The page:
Jamaicans Bid Farewell to Veteran Journalist Michael Sharpe

Sheri-Kae Mcleod, CNW Reporter

michael sharpe

Some 25,000 Jamaicans tuned in virtually to say farewell to veteran journalist and news anchor, Michael Sharpe. The popular and well-respected broadcaster died on April 20 after being hospitalized for almost a month with COVID-19.

During his virtual farewell ceremony on April 28, Jamaica’s political leaders, colleagues and relatives paid tribute to Sharpe for his outstanding contribution to journalism. In one of the many tributes to the veteran broadcaster, Prime Minister Andrew Holness described Sharpe as an iconic figure in Jamaican media.

“He distinguished himself as a reporter, news anchor, journalist, and a host. After 38 years in the field, Michael Sharpe would have become a part of every Jamaican household through his reports, Parliament, his anchoring of the nightly news, and the many broadcast programmes he hosted,” said Holness.

Holness also recalled a personal experience with Sharpe.

“In the early 2000s, we rented a studio to record a national broadcast. Michael happened to be there and he was very helpful in guiding me through my first time using a teleprompter. He made it look so easy and you could tell that he was a master at his craft. He was very willing to share skills and guide generations of journalists and broadcasters who came after him. Michael will be really missed,” said Holness.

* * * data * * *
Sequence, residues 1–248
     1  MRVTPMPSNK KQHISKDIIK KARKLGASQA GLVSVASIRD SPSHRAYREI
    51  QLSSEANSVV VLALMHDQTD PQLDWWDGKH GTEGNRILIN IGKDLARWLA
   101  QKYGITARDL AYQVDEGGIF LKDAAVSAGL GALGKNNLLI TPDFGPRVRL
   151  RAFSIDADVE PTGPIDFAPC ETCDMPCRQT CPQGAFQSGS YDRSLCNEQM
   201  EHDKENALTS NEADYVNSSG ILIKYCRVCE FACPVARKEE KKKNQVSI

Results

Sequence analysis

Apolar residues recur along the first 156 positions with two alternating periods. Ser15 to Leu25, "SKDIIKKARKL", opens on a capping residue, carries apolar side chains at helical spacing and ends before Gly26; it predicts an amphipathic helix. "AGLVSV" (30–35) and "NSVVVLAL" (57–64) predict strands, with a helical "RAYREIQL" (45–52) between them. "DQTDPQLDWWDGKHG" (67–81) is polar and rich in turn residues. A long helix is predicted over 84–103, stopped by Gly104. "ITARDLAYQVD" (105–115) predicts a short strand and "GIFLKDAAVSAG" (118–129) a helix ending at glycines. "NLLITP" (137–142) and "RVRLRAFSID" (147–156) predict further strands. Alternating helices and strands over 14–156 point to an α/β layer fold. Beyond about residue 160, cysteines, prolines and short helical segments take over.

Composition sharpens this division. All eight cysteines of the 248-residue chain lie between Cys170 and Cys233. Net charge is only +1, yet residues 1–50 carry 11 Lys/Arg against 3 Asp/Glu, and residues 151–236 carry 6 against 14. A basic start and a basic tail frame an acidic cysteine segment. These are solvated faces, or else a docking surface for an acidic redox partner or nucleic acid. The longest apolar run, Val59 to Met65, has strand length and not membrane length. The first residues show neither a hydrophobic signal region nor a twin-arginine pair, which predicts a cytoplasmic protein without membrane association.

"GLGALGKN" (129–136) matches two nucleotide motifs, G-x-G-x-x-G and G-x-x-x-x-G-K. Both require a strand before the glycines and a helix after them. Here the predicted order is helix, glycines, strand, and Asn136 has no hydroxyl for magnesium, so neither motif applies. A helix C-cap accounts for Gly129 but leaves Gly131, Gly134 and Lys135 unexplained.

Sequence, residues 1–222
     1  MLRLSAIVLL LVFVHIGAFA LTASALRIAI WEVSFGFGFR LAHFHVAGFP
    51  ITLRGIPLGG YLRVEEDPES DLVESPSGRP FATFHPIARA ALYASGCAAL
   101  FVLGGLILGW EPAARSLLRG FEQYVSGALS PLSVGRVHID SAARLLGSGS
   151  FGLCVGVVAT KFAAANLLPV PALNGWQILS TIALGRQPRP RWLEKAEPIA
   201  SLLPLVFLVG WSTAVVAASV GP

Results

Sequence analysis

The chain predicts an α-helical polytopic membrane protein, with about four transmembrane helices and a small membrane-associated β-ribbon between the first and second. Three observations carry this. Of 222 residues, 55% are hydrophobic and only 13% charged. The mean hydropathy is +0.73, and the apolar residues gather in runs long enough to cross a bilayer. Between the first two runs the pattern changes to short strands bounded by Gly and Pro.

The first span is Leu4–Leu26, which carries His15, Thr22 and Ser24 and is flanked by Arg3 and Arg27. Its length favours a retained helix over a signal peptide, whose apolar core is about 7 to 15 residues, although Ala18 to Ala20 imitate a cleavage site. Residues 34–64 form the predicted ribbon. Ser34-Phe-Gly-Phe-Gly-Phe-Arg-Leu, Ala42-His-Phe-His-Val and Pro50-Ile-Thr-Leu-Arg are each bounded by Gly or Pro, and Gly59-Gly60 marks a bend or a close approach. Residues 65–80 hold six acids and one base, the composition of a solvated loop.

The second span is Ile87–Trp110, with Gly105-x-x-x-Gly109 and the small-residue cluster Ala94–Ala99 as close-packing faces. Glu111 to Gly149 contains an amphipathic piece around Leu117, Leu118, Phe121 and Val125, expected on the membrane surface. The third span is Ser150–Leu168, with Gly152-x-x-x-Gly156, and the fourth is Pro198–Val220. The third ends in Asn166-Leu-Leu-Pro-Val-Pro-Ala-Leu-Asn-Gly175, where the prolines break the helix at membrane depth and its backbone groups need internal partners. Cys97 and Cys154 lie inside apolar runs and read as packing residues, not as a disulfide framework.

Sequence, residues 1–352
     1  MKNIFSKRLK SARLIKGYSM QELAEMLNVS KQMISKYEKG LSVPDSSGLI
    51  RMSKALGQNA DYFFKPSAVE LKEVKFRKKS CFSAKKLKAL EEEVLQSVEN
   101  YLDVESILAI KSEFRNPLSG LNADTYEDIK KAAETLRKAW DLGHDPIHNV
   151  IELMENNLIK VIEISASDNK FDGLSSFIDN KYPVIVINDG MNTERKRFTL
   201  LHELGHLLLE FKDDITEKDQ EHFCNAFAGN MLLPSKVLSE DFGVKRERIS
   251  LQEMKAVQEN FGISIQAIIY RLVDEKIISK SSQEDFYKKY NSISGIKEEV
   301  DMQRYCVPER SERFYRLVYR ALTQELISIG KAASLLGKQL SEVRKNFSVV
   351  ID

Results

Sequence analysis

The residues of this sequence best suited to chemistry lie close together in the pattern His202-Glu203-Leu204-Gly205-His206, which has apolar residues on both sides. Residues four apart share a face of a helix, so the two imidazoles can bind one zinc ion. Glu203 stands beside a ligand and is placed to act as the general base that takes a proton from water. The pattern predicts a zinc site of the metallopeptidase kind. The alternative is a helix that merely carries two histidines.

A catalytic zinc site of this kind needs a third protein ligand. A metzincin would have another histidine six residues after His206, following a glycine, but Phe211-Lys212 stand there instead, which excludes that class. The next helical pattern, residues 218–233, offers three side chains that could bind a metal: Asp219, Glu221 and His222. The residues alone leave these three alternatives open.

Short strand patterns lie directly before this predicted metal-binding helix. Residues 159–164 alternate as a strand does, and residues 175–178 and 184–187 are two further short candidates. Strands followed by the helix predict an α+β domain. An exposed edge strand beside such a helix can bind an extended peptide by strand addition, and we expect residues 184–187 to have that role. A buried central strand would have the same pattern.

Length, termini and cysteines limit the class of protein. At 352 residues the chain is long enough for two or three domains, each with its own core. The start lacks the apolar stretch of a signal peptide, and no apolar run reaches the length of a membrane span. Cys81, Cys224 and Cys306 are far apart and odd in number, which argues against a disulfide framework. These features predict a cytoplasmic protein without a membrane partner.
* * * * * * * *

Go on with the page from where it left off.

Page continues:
Tributes also came from President of the People’s National Party, Mark Golding and former Prime Minister, PJ Patterson.

Michael Sharpe wore many hats in the field of media, and still found time to dedicate to his country in other ways. In addition to being a media practitioner, Sharpe was also a district constable with the Jamaica Constabulary Force. SSP Stephanie Lindsay, the head of corporate communications for the JCF, spoke of Sharpe’s role in the police force.

“His first appointment was at the Half-Way-Tree Police Station, where he served in a number of capacities. For those of us who knew Michael, he liked to be on the front line; he was an operations person. At one point he was a part of the Crime Management Unit (CMU) – the special anti-crime task force – and many other entities within the JCF. He was very integral to the creation of the Constabulary Communications Unit then, where he gave of his time and effort,” said Lindsay.

At the time of his passing, Sharpe was head of the Jamaica News Network. One of his colleagues at JNN, Marvin Moodie detailed what Sharpe was like outside of work.

“Over the years I discovered that he was a lover of Jazz music. He also loved reggae music, especially Bob Marley. He was a sports fan. He would tell you that Calabar would win Champs every year, and he was a Chelsea fan. And he also found time to be a farmer,” he said.

Michael Sharpe was a past student of the Calabar High School. He also studied Journalism at Hunter College in New York City. He died at the age of 65 years old.

 

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